Yes, the great Jimmie Noone had a son! Jimmy Noone Jr., the oldest of the 3 children, eventually became himself an accomplished musician and clarinet player in his own right. Due to his mother’s difficult economic situation Jimmy Jr. grew up living in several cities with relatives of his parents and spent the years from 1944 to 1951 travelling back and forth between Los Angeles, New York, Chicago and New Orleans.

This was a tough way to grow up, but it gave him the advantage of living with musicians and their families, people of various musical persuasions, which made a deep impression on the adolescent Jimmy Jr. Thus, he gained insight in different styles of music from New Orleans Jazz and Gospel to Big Band Swing and Be Bop.

Jimmy explaines: “This had a profound effect on myself and my music making.”

The biggest impression, however, was made on him by a man, who had married his mother. Jimmy, his brother and sister came to live again as a family in San Diego, Cal. His mother’s new husband was Troy Floyd, a former leader of a successful band in the South West (he made some beautiful recordings), whom Jimmy greatly admired, because he was such a humble and considerate man who taught him so much about music: how to play in tune, how to hear chords and much more.

After years of service in the US Navy, Jimmy Jr. settled in San Diego and chose to have a civil service job at the Post Office, confining his musical activities to the local jazz scene.

One day in the 1980’s – he did not play frequently during that period – he happened to see an ad for a clarinet player in New Orleans Style à la Dodds or Bechet. He responded – “Who? Jimmy Noone? Oh sure you are!” and got in touch with Gordon Wilson, the leader of the Cottonmouth D’Arcy Jazz Vipers.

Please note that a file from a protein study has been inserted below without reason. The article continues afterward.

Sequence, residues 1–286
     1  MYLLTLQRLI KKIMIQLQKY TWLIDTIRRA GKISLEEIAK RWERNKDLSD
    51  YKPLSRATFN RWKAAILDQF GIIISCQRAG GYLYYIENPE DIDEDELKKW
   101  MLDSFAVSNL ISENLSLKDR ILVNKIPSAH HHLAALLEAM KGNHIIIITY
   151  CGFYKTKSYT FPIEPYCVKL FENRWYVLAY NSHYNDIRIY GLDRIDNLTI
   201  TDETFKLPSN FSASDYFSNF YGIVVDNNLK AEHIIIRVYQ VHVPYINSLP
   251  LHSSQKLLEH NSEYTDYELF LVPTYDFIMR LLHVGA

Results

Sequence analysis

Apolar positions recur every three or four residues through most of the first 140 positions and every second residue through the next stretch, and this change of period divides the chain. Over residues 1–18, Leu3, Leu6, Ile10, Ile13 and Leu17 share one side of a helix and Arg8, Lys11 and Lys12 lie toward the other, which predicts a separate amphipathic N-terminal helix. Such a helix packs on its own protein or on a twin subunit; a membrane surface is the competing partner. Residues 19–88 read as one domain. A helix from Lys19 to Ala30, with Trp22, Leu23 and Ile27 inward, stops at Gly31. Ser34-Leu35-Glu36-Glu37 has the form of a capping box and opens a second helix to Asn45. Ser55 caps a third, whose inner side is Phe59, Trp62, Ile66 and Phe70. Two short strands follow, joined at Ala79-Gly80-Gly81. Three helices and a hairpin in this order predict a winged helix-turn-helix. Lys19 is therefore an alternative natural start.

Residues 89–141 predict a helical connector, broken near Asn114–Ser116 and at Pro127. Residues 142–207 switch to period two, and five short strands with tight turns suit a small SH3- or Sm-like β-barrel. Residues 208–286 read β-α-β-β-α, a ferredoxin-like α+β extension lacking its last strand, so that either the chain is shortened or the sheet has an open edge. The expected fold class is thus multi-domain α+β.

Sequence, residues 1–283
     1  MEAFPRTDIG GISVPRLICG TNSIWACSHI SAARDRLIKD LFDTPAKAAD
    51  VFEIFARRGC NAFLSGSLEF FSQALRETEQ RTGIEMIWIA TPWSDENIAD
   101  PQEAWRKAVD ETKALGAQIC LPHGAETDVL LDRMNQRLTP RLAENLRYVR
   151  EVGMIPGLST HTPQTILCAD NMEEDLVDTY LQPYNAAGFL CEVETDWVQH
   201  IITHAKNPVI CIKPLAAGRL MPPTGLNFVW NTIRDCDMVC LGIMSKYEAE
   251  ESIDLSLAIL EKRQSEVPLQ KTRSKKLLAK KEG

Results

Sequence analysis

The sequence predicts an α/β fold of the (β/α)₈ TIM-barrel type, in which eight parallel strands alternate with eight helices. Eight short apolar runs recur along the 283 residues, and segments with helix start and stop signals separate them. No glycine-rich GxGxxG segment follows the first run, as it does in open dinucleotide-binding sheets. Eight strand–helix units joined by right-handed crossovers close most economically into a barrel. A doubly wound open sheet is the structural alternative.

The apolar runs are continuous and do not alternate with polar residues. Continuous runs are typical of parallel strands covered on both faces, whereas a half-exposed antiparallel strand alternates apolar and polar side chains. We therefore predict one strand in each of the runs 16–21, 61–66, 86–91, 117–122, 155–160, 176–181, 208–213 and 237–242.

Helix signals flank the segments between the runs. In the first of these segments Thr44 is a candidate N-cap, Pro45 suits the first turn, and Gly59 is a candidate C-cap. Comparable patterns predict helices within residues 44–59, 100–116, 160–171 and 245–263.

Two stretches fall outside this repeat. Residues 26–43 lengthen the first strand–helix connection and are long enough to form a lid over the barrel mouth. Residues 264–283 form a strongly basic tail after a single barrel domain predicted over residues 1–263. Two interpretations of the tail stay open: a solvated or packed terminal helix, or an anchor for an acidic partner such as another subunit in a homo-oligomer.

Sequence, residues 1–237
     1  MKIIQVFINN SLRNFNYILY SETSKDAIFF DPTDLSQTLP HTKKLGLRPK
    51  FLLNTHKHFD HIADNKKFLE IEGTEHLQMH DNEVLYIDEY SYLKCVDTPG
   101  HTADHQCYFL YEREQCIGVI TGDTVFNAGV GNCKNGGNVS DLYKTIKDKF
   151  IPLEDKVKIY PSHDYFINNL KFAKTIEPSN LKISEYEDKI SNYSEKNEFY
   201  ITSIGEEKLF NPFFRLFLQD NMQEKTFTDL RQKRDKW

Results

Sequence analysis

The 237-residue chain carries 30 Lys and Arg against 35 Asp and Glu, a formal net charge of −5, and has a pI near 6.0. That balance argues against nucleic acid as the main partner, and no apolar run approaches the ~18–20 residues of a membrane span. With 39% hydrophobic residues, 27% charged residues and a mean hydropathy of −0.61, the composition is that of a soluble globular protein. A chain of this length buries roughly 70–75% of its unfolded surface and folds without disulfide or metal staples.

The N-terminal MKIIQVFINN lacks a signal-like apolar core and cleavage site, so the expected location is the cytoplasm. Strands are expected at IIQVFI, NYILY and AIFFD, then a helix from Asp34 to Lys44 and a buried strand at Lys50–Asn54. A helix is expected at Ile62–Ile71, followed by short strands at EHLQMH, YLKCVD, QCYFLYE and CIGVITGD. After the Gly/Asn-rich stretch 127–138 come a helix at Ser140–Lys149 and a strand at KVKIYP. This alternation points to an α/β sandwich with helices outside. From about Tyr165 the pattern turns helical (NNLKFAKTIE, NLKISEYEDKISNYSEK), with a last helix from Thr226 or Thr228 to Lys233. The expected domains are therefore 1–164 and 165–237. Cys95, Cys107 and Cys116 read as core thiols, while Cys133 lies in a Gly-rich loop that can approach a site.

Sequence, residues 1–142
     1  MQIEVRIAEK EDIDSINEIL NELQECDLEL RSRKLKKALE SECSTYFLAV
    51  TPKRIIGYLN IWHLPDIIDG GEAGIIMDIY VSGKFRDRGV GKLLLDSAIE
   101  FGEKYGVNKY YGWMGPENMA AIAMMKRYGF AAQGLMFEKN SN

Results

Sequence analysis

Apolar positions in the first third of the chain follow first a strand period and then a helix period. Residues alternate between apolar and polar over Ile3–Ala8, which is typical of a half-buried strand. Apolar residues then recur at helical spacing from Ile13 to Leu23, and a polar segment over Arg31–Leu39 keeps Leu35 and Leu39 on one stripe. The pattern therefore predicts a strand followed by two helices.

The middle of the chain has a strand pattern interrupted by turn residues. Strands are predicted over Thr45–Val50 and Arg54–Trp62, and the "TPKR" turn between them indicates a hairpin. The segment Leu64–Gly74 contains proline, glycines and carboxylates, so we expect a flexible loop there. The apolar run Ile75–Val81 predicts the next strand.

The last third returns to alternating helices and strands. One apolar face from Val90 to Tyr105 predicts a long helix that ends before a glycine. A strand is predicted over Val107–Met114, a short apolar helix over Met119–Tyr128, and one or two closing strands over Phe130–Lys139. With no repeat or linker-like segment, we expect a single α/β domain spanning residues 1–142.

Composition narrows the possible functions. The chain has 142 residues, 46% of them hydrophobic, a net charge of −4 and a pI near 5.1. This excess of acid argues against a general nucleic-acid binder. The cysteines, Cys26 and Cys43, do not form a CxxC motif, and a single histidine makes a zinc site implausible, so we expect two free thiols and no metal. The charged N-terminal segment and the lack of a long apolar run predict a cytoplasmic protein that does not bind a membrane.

After a period of hard practising on clarinet he made the audition, and was accepted. This steady job with Gordon’s band changed his life for the better.

In the years to follow he was at least on 4 LP albums: two with Jeannie and Jimmy Cheatham, one with Hal Smith’s Creole Sunshine Orchestra, and one under his own name with John R.T. Davies and his Rhythm Five. These all show his versatility and ability to fit in all musical environments.

On a sad note is to report, that Jimmy Jr. passed away on 29th March, 1991 in San Diego.

For this article I am indepted to Johnny Simmen, the Swiss jazz authority. I have drawn from his long article published in the British jazz magazine Storyville No. 127 (1986). I fully acknowledge his original work and apologize for any mistakes and errors, which are mine, and also for not having his formal permission for reproduction of parts of his writing. My sole intention is to tell the jazz world some facts that are not so widely known and which are not found in the other jazz litterature. (Rainer Schneider, rainerjazz.de)

Rosetta (Composition):

Actual Composer is Henri Woode, uncle of Bassman Jimmy Woode

This well known hit composition of the swing era was credited to Earl Hines (who – or his family- cashes in the royalties). There is some evidence, however, that an origininal handwritten manuscript by Henri Woode existed, which was inspected by a witness. The facts are related by Jimmy Woode and Harry Sweets Edison. (see Storyville 134, page 48).